Back canyon Colorado River or Labyrinth

I can only take one canoe camping trip this spring, and I am having a hard time deciding which of these trips to do. The Black Canyon on the Colorado below Lake Mead is interesting with cold water, desert vistas, and hot springs in the first 8 miles or so. If I go, I will do the 30 mile river trail, not just the 12 miles to Willow Beach. Labyrinth Canyon on the Green River also looks good. A bit more expensive because of the shuttle, but not bad. Longer trip at just under 60 miles, but I have time for a 5 day trip, plus a travel day before and after.

Most of the people I know who do the Green do it in the fall. I am thinking mid March through Mid April is my time frame. We are experienced canoe campers from the Midwest, but not a lot of experience on the western rivers near where we now live.



Black canyon
Seems I can edit messages but not the title. The alternatives are the Black Canyon Watertrail at the Nevada/Arizona border or Labyrinth Canyon on the Green River in Utah.


– Last Updated: Nov-02-14 7:44 PM EST –

is on Utube and Google Images from blogging photos.
Shuttle services define the route unless you have two vehicles.

There's the Delores.

I am occasionally looking for guide info for the Green from Wyoming to Green River UT and not finding route info and rapid difficulty.

Try WeatherUnderground for your route times. WU has past averages for week/month as a secondary selection from the almanac area scrolled down to. Check stream gauges as for example, an individual search: Green River UT Green river stream gauge. Your timing is for a higher flow than fall.

Expect chop with wind coming north ?

Appreciate your information. The basics of the trip are easy to find, and I am familiar with them. I guess I was looking more for the intangibles of why one trip might be better than the other. Is the solitude of Labyrinth much more than the lower part of the Black Canyon or is it overrun with guided trips? Are the views better in one than the other? More wildlife to see? I am inclined to Labyrinth just because it is more days on the river (plus it is three hours closer).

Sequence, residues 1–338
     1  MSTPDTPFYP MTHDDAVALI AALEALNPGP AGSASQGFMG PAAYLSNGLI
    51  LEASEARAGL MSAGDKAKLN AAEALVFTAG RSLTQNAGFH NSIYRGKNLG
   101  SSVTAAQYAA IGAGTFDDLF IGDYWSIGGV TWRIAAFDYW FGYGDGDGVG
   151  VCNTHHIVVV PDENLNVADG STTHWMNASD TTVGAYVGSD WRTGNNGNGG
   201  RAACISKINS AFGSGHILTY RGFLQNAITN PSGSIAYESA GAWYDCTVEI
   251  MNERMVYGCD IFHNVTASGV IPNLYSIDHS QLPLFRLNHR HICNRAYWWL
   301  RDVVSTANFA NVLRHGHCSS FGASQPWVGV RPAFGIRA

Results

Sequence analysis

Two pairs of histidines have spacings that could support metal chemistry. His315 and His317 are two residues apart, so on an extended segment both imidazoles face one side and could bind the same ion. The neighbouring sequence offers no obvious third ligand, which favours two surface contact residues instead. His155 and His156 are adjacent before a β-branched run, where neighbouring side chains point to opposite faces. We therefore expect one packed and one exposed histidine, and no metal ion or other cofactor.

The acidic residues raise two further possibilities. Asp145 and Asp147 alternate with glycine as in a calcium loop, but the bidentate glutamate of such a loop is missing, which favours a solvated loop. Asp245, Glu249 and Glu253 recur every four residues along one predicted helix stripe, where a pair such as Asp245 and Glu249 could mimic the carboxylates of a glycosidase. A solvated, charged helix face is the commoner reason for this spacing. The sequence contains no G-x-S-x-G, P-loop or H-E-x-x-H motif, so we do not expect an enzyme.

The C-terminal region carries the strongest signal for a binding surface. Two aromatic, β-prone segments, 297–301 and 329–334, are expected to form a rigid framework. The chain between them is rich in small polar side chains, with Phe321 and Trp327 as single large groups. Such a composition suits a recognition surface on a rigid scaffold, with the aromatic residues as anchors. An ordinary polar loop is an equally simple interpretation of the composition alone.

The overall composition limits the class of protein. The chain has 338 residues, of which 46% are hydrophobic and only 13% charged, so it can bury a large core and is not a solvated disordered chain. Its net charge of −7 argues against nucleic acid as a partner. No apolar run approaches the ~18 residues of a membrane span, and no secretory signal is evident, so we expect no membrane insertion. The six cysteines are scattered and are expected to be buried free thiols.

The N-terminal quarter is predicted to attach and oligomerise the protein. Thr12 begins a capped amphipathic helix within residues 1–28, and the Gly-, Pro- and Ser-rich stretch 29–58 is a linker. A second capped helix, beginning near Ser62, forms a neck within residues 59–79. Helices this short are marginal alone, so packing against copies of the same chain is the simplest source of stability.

I probably should have said I like solitude and scenery. I have bad knees so I can’t hike like I used to, so much of the scenery needs to come from my boat or the river bank. I moved west from the upper Midwest, so I am used to canoe camping in the BWCA. I love the vistas here, but much of the water is more suited for rafts than canoes, and I am a diehard canoeist. I am looking forward to a nice trip.


Labyrinth in spring
is not overrun with guided trips. The water is cold and the rafting companies haven’t started running the river from Mineral Bottom.

Last April we did the Green from Ruby Ranch in 8 days and had to backpaddle. We only paddled two hours a day because the river was moving at seven mph. There was a release from Flaming Gorge Dam which upped the river to a 12,000 cfs flow from its normal 5000.

I’ve done the Green in the fall too and never will again as long as I can do a spring trip. However March is too early for desert flowers. We had tons of floral beauty in April and snow too.

You can hike as much or as little as you feel like but if the river is high there will be no sandbanks at all and you will have to go up side canyons and scramble twelve to twenty feet up to find nice beautiful wide open campsites.

I’ll go to Namibia ?

Very helpful
Thanks! Exactly the type of info I was looking for. Loved your trip reports, and I will bookmark the forum too. After reading your info, I am definitely leaning toward the Green, though only 5 days and only Labyrinth. Sadly, I don’t have enough vacation to do more, at least for the next couple of years.


Dolores Little Glen and Slickrock

– Last Updated: Nov-04-14 10:12 PM EST –

Canyon would make a spectacular run, but even if there has been enough snowpack this year, I think the water won't be "on" in April. I did Slickrock in early June. Little Glen and Slickrock require no permit, and are just easy enough for loaded tandems and intermediate skills. These links show Slickrock only, a wilderness area.

Which river